By Shishani Vranckx
Namibia has had 25 years of independence yet stands at the beginning of a formalized music industry. The legacy of colonial rule has left a great socio-economic and political discrepancy within the population affecting the development of a Namibian music industry. The scarcity of technological knowledge, organizational expertise and funding have challenged the industry thus far. Although the past 10 years have seen legislative support and the birth of institutions set out to support artists, mismanagement has disturbed the proper working and development of the industry. However, Namibian artists stand at the forefront of cultivating the industry themselves whilst promoting their music nationally and internationally. Slowly but surely, government institutions, corporate and the private sector have been investing in Namibian arts as seen by the immense developments that have taken place over the past five years.
Namibian music during colonialism and apartheid
Europe’s colonial presence has influenced the diverse musical cultures of Namibia. Missionaries brought church hymns, German colonizers brought brass and western classical music, and the Afrikaner ‘Boers’ introduced “langarm” (a popular dance style) and “humpa” music. Most of these influences have been appropriated and modified by Namibians in different ways to make it their own. Today we find various musical styles in Namibia, both modern (international) and traditional (indigenous). During the time of Christianization (from 1870 onwards) and under South Africa’s apartheid rule (1948-1990), the cultural expressions of the various ethno-linguistic groups in Namibia – Nama, Damara, San (Bushmen), Coloured, Basters, Herero, Aawambo, Himba, Tswana, Caprivian/Zambezian and Kavango - were undermined and oppressed. Many of these groups’ traditional musical practices have therefore disappeared or are on the verge of extinction. However, Namibian musicologist Dr. Minette Mans states that very few musical traditions have disappeared completely, and instead may have transformed into other new styles through processes of adaption and appropriation (Mans 2003: 115).
Migration played a major role in the historical processes around Namibian music. German colonialism (1890-1918) catalyzed the genocide on the Herero and Namaqua (1904-1908). Under South African rule (1918-1990), the institutionalized contract labour system, comparable to slavery, completely dismantled the societal structures of the Namibian people. Men were forced to work far away from home, leaving women and children behind in the villages. Through the forced labour system and the processes of urbanization linked to it, new forms of life and artistic expression developed. Different population groups began interacting in this new context, allowing new forms of creative expressions, often influenced by popular music from the USA and South Africa.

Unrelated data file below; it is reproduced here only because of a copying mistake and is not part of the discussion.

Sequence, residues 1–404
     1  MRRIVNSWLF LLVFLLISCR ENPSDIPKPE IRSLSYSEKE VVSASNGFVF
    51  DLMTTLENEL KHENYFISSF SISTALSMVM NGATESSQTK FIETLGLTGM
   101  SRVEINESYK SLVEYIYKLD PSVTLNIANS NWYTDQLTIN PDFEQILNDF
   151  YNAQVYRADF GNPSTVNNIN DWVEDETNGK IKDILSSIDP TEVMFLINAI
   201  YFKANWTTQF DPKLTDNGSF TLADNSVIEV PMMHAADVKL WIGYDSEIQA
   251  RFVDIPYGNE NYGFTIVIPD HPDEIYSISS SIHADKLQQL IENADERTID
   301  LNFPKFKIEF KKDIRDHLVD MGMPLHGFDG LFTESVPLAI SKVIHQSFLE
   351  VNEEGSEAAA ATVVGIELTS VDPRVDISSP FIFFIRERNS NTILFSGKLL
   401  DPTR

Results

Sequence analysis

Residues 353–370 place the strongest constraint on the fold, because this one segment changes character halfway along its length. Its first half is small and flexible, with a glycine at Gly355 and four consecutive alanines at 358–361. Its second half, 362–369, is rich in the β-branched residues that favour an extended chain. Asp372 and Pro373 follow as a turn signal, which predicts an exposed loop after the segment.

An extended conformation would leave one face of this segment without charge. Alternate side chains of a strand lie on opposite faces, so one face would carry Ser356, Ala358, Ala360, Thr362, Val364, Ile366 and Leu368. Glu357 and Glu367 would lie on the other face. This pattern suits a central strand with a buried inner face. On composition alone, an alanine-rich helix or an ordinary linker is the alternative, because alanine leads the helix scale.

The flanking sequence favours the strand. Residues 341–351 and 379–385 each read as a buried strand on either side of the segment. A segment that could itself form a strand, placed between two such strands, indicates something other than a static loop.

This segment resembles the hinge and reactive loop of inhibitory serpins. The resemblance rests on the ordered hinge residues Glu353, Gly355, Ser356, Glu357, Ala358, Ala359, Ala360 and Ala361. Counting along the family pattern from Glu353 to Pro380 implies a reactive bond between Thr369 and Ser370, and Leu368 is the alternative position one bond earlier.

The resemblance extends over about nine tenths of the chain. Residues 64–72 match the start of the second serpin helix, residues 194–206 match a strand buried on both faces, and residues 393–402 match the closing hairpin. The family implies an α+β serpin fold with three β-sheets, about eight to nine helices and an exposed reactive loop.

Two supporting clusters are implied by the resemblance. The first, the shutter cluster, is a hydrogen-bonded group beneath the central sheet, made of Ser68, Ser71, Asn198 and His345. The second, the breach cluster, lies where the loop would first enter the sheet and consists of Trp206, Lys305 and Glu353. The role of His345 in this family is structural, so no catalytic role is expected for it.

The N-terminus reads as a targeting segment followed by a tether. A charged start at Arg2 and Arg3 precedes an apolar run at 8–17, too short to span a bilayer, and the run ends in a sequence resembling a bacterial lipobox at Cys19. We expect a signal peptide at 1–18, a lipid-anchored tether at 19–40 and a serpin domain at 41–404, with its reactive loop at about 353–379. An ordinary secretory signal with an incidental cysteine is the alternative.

How music was disseminated and what types of music were spread throughout Namibia was highly controlled during the apartheid era. Broadcasting reached Namibian fairly late, with radio starting in 1956 and television in 1981. Only in 1969 did radio start broadcasting in native languages, having since 1956 catered for “whites only” in English and Afrikaans. All music with critical messages that attempted to undermine authorities was banned. Reggae, for example, was forbidden. Only gospel, romantic and dance (‘party’) music from the USA and South Africa were broadcast and distributed in the country. Due to this censorship, Namibian people for a long time were isolated from other African and globally popular music styles, such as reggae.
The Namibian music industry after independence
Since independence in 1990, the Namibian music industry has gradually developed into what we see today. Currently there are about 20 music labels in Namibia[i]. Most of these labels have been established by artists themselves, due to the lack of adequate labels as well as management. Competent music promoters and managers in Namibia are scarce and often lack experience in the field when it comes to global standards. This has been identified as one of the major problems Namibian artists have been facing, and still face today.
The distribution of Namibian music is very limited on a global scale. Currently one can buy Namibian music through the artists themselves (at shows) as well as at local supermarkets, some lodges, bars, shops and shebeens. However, finding and buying Namibian music is as easy as it should be, and many people - especially tourists – criticize this. Since the rise of the internet most CD stores have closed, leading to the sale of CDs as a side product next to music instruments, books and other sorts of merchandise. Until 2014, South African music retail shop Musica (based in Namibia) refused to sell Namibian music, allegedly due to the perceived poor standards of Namibian productions. Lize Ehlers was the first Namibian artist to enter Musica’s shelves through pioneering the establishment of Desert Digital Distribution[ii], a company devoted to digital and physical distribution of Namibian music. Namibian artists are venturing into online music sales, although online purchases are still relatively scarce.